27 June 2011

Learning language

The following is slightly modified from a recent graduate admissions essay. (The first paragraph, alone, was posted in December). It may be a cop-out to post something I've already written - and, quite differently from everything else I write here - this one is highly edited and revised. With help.
This, however, is the manifest - and I wanted to explain what the connections are, for me, between the disparate interests. It's like writing poetry - once I've written a poem about something, describing that (event, feeling, person) in other words and sentences falls short. It isn't exactly, not quite, what I mean. Hence the quoting-of-self that happens. Inevitably. This, I imagine, must happen to all writers. So, rather than expound upon what's already been written:


It starts when I enter the room. How many words can my patient speak without needing
air? Is she leaning forward to breathe? Are her fingers clubbed? My stethoscope hangs without weight. My hand is on her shoulder now. My eyes close. “Breathe,” I say. “Relax.” And I am listening to the inside of her body. It’s telling me things my patient knows but lacks vocabulary to describe. It is my privilege to explicate this poem.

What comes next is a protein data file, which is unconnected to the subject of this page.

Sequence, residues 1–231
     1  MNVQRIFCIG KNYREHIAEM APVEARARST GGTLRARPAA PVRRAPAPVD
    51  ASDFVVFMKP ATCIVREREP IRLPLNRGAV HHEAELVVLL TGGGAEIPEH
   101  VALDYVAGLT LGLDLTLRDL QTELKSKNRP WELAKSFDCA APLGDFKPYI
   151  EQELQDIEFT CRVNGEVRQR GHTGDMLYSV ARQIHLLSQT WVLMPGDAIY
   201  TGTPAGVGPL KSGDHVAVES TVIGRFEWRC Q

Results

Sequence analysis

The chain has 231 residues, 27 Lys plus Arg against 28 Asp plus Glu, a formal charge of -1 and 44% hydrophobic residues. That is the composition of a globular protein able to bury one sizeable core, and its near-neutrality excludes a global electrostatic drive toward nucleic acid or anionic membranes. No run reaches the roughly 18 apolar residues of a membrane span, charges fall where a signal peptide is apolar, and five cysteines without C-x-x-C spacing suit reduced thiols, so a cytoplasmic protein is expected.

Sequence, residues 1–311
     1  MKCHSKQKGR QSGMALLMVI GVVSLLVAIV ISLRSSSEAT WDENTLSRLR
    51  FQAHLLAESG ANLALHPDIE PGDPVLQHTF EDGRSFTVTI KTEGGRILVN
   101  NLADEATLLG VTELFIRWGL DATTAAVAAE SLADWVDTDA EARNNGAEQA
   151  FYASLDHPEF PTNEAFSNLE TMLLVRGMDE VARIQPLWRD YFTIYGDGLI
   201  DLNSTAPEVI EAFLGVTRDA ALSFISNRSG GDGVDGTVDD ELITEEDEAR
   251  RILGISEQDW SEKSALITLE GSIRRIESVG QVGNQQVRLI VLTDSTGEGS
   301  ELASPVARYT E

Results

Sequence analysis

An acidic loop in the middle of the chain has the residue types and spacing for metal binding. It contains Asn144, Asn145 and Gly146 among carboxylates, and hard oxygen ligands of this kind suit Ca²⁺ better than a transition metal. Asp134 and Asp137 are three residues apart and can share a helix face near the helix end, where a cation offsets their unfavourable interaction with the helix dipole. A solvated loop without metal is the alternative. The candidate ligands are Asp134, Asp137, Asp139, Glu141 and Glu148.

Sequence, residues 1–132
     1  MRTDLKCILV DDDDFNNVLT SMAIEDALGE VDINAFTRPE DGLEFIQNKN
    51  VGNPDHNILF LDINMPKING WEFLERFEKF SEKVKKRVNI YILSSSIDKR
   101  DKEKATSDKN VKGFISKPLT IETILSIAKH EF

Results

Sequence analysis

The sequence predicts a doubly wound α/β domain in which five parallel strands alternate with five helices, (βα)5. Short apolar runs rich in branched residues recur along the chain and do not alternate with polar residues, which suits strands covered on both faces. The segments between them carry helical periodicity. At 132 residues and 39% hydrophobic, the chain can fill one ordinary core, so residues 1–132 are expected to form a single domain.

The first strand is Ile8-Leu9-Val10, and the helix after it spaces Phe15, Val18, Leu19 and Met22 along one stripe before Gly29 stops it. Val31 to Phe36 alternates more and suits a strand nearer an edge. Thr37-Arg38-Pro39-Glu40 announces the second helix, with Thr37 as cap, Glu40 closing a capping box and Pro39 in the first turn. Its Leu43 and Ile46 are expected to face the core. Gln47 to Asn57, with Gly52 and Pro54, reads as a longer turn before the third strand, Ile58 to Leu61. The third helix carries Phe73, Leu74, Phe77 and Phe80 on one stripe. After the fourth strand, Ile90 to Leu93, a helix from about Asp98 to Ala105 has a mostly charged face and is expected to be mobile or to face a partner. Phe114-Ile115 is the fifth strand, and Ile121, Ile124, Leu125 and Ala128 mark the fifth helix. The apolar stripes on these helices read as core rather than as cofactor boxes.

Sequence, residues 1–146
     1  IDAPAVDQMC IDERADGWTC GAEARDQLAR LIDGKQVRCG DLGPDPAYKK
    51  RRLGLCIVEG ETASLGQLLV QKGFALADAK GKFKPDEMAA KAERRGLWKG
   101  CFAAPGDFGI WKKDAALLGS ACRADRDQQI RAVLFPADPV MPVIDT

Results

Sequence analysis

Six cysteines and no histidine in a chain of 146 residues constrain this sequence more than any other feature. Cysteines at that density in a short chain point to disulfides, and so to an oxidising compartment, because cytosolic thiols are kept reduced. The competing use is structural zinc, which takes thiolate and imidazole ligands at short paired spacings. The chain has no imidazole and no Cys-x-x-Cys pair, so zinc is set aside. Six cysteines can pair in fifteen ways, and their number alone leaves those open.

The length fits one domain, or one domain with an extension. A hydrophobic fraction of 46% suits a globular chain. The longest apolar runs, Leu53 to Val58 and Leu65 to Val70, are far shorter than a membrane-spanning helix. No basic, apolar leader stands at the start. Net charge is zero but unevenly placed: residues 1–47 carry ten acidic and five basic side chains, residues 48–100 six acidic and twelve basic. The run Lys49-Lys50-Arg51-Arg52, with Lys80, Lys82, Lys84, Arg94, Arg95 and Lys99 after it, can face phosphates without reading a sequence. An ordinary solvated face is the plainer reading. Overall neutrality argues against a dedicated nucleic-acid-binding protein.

I was born speaking two languages, and, as a bilingual child, French and English were imprinted in entwined synapses. I do not always know which language I am speaking. If I read a book in English that takes place in France, I “remember” the dialogue in French. I transpose. In this way, I have learned that translations are only approximations. I connect most with those who speak both my languages because that allows me to use the most precise word possible.
            I speak two languages. From my early years in school, I was drawn to science because of its inherent beauty and creativity. I decided to pursue biology the first time I looked into a dish of pond water under a microscope and discovered an entire invisible world. I spent late hours in the lab, peering at 400x magnifications of cells I had stained green for mitochondria and red for nuclei in a 12-hour painstaking process. I would forget to count and simply stare.
Cacao field, Mvangan

22 June 2011

Getting it right

*(I’m studying for boards (at writing) /just took boards (at posting) = Step2 CK)*

I hate the questions I get right – cancer, terrible diseases, medications, hard side effects to deal with, long-term complications – that I know, for sure, because of anecdotes


I know how you died.
I know how you might die, I know why your life is and will be difficult.

There are the simple ones – the amoxicillin prescriptions we wrote for kids with ear infections, the reassurance, reassurance, reassurance of parents.

The patients who came in with the side effects to medications that I’d read about – EUREKA! moments – your cough, the nagging cough, and you started lisinopril at the same time.
I know the answer to the puzzle.
I win.
Un des lions indomptables, Ebolowa